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    The sick person's healing did not depend on their own belief. Sometimes their faith helped but it was not the sticking point. It was the faith of Jesus. How much belief did Lazarus have before being raised from the dead? The blind man at the pool did not even know who healed him til after so his belief did not matter. Saying that an unbelievers unbelief stopped Jesus' healing power put's Jesus in a strange position. Do you think that He told the crowds He was going to make 5000 loaves of bread to feed them if they would only believe? His hands were not tied, they did not bring Him the sick so He could do nothing yet the power was there.
     
    #14 plain_n_simple, Nov 8, 2011
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  15. glfredrick

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    Well said!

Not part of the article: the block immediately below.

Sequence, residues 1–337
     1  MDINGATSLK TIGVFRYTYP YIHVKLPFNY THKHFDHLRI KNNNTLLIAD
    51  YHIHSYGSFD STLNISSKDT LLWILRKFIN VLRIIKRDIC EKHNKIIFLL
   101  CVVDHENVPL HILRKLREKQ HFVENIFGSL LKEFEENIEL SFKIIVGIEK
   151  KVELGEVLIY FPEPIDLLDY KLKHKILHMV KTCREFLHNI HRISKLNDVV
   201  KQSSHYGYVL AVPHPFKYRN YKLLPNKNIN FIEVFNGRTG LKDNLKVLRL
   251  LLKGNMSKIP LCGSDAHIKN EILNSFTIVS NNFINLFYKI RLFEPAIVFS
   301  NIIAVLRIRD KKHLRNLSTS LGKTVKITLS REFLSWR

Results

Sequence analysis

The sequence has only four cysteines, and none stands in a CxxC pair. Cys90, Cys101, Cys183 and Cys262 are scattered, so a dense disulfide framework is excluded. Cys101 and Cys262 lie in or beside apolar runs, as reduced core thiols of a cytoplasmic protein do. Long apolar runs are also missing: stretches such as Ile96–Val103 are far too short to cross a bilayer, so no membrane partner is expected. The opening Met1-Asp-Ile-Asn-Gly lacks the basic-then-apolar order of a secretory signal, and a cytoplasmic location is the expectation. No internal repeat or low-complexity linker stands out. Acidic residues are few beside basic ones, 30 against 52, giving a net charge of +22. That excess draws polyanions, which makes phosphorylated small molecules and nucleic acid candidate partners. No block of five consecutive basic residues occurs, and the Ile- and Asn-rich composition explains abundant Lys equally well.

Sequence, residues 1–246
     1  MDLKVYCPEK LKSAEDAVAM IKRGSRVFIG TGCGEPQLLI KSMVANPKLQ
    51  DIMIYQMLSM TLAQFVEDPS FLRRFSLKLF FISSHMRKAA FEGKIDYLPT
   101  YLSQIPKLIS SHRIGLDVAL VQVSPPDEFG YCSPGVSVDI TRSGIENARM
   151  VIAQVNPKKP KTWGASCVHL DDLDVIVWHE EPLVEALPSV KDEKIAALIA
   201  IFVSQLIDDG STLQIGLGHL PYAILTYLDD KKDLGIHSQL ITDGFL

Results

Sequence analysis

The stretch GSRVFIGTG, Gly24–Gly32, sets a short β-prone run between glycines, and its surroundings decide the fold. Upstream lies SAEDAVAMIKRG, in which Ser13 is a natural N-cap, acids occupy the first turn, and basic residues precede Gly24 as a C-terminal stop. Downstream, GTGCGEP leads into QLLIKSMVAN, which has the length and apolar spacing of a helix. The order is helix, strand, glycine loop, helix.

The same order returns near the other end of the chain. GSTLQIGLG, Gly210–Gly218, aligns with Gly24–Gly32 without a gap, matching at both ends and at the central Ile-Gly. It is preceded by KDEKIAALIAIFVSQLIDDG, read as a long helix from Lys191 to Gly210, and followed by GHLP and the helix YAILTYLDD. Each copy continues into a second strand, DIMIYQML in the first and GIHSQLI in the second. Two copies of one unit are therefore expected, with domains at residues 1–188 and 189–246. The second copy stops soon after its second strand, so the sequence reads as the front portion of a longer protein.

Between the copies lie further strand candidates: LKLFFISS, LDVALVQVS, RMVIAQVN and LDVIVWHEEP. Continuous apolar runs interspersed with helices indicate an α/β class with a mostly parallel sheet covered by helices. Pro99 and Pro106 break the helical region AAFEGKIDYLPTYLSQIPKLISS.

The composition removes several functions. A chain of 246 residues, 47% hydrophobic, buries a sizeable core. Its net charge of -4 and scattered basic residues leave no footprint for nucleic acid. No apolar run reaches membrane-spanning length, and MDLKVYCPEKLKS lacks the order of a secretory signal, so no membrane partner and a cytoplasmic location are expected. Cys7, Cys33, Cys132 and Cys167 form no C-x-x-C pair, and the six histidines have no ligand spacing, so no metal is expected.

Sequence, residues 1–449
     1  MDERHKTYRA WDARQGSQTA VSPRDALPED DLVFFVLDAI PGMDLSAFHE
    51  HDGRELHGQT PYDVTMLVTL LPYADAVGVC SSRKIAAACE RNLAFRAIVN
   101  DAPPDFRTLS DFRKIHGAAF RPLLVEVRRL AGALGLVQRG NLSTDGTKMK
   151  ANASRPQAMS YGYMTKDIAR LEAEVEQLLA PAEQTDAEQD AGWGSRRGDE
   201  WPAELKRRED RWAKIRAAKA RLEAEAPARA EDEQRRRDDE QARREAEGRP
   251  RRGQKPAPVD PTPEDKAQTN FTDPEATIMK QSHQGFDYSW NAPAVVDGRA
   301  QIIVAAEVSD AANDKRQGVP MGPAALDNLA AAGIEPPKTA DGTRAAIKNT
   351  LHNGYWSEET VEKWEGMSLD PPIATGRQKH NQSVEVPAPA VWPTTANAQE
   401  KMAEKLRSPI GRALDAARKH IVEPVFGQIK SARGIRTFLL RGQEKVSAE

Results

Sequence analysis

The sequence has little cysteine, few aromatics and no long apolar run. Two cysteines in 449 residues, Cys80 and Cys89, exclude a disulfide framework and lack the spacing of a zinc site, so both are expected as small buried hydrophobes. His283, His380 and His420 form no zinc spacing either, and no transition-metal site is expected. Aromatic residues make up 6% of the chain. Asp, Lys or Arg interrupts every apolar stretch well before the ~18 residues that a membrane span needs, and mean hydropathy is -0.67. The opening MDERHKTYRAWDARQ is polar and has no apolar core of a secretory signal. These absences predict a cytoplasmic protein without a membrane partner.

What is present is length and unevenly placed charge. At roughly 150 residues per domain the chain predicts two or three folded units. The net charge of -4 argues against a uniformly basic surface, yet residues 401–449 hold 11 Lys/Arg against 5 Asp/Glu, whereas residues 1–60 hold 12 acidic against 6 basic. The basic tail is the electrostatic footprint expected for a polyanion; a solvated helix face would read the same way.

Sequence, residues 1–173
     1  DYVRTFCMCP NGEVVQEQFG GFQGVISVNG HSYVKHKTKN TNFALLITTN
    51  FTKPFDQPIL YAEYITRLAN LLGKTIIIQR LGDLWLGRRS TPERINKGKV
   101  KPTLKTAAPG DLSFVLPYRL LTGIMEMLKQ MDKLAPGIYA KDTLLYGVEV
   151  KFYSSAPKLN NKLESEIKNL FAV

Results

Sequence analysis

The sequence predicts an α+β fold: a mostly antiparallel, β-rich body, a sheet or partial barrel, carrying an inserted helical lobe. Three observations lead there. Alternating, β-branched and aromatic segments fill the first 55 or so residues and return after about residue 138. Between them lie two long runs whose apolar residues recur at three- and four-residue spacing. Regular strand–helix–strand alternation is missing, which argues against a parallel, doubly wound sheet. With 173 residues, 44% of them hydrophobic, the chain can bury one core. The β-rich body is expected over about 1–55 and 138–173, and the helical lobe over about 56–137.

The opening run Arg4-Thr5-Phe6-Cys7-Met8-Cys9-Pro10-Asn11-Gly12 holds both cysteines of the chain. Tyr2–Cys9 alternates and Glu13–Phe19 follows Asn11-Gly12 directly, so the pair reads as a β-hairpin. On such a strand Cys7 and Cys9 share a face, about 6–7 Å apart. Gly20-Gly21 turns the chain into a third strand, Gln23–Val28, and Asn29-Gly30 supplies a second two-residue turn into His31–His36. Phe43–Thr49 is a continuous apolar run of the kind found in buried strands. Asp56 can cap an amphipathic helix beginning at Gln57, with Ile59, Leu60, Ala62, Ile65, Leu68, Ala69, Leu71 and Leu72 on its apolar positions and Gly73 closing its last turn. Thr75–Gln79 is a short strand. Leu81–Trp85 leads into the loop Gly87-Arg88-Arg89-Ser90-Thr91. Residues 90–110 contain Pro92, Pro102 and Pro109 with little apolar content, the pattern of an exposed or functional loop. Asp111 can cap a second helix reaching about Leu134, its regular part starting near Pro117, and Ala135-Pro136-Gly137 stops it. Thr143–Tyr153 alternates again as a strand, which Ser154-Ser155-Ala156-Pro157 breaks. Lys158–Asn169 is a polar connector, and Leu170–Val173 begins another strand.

I would argue that most, if not virtually all, of those Jesus healed had no concept whatsoever that he was The Christ of God. They just thought He was a miracle-working rabbi who was particularly effective.

    A better argument is that God did not ordain for Jesus' powers to be effective in that area because of the sin of the people. Note the subject of my sentence is God, not "the people." That is the way it is always expressed in the Scriptures as well (at least in the original languages).
     
  16. Robert Snow

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    You are surely well educated and probably even have a decent knowledge of the Greek language, but I am sorry, I will take the Word of God over even your translation.

    I believe our unbelief prevents our receiving from God all He has for us.
     
  17. Amy.G

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    Nah. It can't be that simple. I mean just because the bible says so, doesn't mean it's really so. You need some notable theologians (from the long ago past only) to confirm that. :rolleyes: